• Reflexive pronouns: Pronouns that end in “self” are called reflexive – himself, herself, ourselves, myself. It seems that people think they sound more intelligent if they say If you have questions, see Tom or myself. But the correct usage is If you have questions, see Tom or me because “me” is an object in this sentence.
    • A verb only takes a reflexive pronoun if it is something you do to yourself: you dress yourself, talk to yourself, etc.
    • I remember this by thinking about the reflex in your knee – you can make your leg jump by hitting that spot under the patella. You can do that to yourself. (Okay, I don’t know if that’s medically true, but it’s enough of a connection for me to remember the right word to use.)

And, as a little bonus, here are few extra helpful tips:

  • Flesh out/flush out: What’s the first thing you think of when you hear “flush”? That’s right – getting rid of waste. So, why would I “flush out” an outline to provide more information? The correct usage is to “flesh out” an outline – that is, putting some meat on its bones. If you are getting rid of something or duck hunting, you can flush it out.
  • Abbreviation/acronym: If you can pronounce the shortened version of a phrase, like scuba for self-contained underwater breathing apparatus, then it’s an acronym. If you have to say the letters individually, like PBS for Public Broadcasting System, it’s an abbreviation. (An acronym is a type of abbreviation, so technically, you can call an acronym an abbreviation, but you cannot call an abbreviation an acronym.)
  • Nauseous/nauseated: Something that makes people queasy is nauseous (That wall color is nauseous.). If you are in the state of feeling queasy, you are nauseated. See now why it’s not a good idea to go around telling people you are nauseous? It’ll be tough to find anyone to eat lunch with you!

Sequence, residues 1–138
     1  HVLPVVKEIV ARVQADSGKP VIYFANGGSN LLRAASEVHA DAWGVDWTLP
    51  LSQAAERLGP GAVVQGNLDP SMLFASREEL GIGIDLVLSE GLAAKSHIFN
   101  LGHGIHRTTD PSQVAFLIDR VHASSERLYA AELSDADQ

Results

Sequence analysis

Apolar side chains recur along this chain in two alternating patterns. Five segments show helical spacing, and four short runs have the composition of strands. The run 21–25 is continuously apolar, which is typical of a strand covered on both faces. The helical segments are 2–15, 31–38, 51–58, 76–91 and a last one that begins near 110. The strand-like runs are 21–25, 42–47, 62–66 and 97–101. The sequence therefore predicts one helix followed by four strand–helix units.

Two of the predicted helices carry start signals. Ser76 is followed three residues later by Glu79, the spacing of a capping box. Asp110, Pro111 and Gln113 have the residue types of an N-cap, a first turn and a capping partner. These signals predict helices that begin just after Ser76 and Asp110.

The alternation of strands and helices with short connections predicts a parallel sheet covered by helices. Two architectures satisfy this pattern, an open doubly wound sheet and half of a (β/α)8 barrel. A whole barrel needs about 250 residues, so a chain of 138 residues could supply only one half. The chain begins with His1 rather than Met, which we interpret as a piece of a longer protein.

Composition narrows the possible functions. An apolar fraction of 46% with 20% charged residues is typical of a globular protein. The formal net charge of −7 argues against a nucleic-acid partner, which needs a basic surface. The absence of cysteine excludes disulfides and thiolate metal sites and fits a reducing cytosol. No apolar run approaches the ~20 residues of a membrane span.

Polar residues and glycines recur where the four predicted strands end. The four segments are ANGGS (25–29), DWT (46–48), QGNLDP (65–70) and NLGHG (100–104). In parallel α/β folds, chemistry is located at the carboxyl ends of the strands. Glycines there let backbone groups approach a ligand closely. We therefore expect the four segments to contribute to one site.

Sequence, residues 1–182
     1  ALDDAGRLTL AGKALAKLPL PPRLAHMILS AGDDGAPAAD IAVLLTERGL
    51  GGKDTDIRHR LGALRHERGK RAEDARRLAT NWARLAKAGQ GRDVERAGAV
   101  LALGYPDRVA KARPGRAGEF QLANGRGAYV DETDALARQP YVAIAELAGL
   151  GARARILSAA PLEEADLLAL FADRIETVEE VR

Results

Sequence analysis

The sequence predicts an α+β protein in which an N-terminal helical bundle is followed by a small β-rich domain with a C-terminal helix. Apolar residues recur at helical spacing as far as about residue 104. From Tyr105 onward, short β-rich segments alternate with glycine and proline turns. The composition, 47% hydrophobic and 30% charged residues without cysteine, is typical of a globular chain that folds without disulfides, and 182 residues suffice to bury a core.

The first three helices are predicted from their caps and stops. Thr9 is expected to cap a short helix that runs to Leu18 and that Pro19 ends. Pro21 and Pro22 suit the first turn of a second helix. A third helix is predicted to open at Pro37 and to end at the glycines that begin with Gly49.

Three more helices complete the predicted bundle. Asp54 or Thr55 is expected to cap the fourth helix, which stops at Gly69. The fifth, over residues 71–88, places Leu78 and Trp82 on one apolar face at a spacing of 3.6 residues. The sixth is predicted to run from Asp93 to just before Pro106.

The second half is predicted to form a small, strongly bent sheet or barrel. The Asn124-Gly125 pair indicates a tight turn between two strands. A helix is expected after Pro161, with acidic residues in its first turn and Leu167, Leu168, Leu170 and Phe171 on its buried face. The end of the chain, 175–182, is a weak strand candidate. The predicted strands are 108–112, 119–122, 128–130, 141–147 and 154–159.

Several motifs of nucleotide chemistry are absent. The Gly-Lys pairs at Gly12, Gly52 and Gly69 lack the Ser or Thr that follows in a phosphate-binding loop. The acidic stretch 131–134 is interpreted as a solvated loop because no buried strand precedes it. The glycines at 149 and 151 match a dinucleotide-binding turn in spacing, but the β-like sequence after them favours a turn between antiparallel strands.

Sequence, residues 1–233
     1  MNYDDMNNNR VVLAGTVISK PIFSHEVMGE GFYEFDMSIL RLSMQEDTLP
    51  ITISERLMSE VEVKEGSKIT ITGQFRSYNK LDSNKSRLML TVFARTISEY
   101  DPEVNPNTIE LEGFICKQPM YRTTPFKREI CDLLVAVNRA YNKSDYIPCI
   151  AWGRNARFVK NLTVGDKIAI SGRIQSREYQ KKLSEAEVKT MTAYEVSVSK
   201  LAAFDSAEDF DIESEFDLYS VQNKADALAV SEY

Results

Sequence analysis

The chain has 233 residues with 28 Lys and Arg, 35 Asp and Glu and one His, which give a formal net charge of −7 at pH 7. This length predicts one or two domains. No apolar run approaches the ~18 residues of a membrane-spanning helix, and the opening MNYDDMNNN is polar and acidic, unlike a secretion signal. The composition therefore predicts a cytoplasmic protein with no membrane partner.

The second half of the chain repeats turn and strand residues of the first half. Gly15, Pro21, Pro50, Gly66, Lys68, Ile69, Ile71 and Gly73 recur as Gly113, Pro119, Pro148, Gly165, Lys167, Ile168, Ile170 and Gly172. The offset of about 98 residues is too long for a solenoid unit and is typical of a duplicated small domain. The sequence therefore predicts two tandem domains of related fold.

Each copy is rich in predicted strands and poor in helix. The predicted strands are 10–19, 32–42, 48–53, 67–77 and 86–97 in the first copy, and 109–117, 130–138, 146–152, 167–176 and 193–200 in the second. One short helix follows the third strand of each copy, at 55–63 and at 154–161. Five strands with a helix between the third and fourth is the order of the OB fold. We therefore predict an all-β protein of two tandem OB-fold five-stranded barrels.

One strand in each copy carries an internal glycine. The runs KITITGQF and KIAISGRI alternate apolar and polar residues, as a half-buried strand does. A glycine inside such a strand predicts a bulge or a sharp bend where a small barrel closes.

Some of the great grammar and writing resources that I use regularly include

  • The Elements of Style, Strunk and White
  • Eats, Shoots & Leaves, The Zero Tolerance Approach to Punctuation, Lynne Truss
  • Grammar Girl – great weekly podcasts of short grammar tips, and a searchable database of grammar rights and wrongs. She also uses great examples and mnemonics.
  • The AP Style Book – I’ve owned copies of various editions since my days at the IU School of Journalism, and you can also get an online subscription for faster searching.
  • National Grammar Day – They have a great list of Top 10 Grammar Tips.
  • Copyblogger – A list of 27 commonly misused words and many other writing tips.

What are your grammar pet peeves, problem word choices or favorite grammar resources?

4 Responses to “Quick tips to avoid the grammar hall of shame”

  1. Susan Matthews says:

    Thanks, Beth. I will never be “nauseous” again — I hope!

  2. Beth Millett says:

    And you can find a much longer list at my Web site: http://wp.me/pcjzo-dc

  3. Jennifer says:

    Maybe it’s because you’ve been writing and editing since your “note to teacher” days.